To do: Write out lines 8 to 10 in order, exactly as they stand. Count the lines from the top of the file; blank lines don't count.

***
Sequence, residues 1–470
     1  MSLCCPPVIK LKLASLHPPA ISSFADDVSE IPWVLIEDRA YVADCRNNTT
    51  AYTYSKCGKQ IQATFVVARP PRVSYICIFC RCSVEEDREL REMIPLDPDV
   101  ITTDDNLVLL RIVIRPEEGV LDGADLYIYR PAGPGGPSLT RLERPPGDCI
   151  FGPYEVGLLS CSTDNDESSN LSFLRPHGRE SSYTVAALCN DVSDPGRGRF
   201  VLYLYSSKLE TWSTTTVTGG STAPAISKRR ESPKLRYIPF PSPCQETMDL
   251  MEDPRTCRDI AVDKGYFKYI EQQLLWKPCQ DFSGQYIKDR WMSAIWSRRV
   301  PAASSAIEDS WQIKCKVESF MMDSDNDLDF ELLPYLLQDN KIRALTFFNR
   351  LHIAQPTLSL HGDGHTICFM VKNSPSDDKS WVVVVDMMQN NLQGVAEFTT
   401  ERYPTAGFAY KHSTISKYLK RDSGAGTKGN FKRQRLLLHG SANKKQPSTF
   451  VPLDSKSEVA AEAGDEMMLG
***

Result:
   301  PAASSAIEDS WQIKCKVESF MMDSDNDLDF ELLPYLLQDN KIRALTFFNR
   351  LHIAQPTLSL HGDGHTICFM VKNSPSDDKS WVVVVDMMQN NLQGVAEFTT
   401  ERYPTAGFAY KHSTISKYLK RDSGAGTKGN FKRQRLLLHG SANKKQPSTF